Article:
M 16

The alt attribute of this image is empty, its file name is m16.jpg.The alt attribute of this image is empty, its file name is m16-zoom_m16.jpg.
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2019/04/08 and 09

Observation place
New Mexico


TelescopeTakahashi FSQ 106ED, 106mm, f / 5
MountParamount ME
Imaging cameraSBIG STL 11000 regulated at -15o Celsius
Image typeHa (RVsB) (Vs for synghetic green)
ExhibitionHa (8 x 10 'bin 1 × 1), RB (4 x 3' bin 2 × 2 each)
PretreatmentMaxim DL
TreatmentPhotoshop and PixInsight
Specific treatmentCreate a synthetic green image

Object description

Object typeOpen cluster and emission nebula "The Eagle nebula"
Visual magnitude6
Distance5 light years
Diameter58,1 light years
Dimension seen from Earth35 x 28 arc minutes
M16 is located approximately 5 light years from Earth in the Serpent's tail. It contains an open cluster of stars enveloped in an emission nebula called the Eagle Nebula. The latter has a diameter of about 610 light years. Seen from the Earth, its dimension is approximately that of the Moon.  

The cluster is made up of young blue stars which were born from the Eagle Nebula and which ionize its gas. Stars are also still being formed. The central region of the nebula shows beautiful columnar architecture, called “Pillars of Creation”. In these pillars of gas, about three light years long, the stars of the cluster are born. It is also a region conducive to the formation of new planets and possibly the possibility of the creation of life, hence the nickname Pillars of Creation!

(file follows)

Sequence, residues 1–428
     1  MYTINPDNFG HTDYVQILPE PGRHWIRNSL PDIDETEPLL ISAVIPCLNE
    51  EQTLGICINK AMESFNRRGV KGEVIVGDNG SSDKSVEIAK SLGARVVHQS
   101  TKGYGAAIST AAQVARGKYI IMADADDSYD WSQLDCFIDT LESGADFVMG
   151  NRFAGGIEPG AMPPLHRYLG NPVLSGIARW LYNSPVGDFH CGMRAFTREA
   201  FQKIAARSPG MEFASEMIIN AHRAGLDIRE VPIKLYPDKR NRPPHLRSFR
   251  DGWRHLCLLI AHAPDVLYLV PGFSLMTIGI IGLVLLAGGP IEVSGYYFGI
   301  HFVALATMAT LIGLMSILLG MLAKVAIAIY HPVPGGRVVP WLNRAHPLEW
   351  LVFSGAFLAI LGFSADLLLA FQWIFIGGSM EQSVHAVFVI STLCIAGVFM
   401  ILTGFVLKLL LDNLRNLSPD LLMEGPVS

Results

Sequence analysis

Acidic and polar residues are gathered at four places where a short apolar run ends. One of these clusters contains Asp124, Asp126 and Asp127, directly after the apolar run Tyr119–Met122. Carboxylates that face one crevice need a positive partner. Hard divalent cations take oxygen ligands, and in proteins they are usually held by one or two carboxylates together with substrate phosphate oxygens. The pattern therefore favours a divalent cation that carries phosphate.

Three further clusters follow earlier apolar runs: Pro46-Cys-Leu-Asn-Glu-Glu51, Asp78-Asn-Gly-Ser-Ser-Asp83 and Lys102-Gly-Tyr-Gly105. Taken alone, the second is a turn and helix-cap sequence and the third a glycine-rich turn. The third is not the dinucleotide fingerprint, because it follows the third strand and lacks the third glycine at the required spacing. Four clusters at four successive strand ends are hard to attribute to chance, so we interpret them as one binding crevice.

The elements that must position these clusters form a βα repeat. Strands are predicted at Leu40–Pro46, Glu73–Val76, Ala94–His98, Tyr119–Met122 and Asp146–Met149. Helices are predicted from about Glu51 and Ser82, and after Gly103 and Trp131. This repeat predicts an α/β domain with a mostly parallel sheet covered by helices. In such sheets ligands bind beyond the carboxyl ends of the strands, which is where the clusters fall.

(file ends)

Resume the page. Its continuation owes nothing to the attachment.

With binoculars, in a site of low light pollution, we can see the nebula in the form of a diffuse spot and ten stars of the cluster. A 200 mm diameter telescope makes it easier to see the contours of the nebula. It will take a telescope at least 300 mm in diameter to be able to hope to see the three pillars of the Eagle. The splendours of the Eagle Nebula are only truly revealed through long exposure photography using narrow band filters.  

In my first image, which was taken in a very wide field of view, the Eagle Nebula appears in the center of the photo. One can thus see and appreciate the very weak nebulosities which surround it. They are referred to as IFN for Integrated Flux Nebula (in French: integrated flux nebula). This whole region is conducive to the birth of new stars. I managed to bring out this weak signal by using a Hydrogen-Alpha filter as the luminance image.  

In my second image, I have cropped only the M16 nebula. We can thus see its resemblance to an eagle, hence its nickname. If you can't see it, start by seeing its head at the top of the image and then its wings outstretched to either side. We can also appreciate the great beauty of this nebula. The Pillars appear in the center of the nebula, just below the head. Zoom in slightly in the image to see them better.  

I have a future imaging project, with a deep sky telescope, to see these pillars up close with more detail on their structures using narrow band filters in the Hubble palette.    
Richard Beauregard
Sky Astro - CCD
My impression "We cannot be alone in this gigantic universe"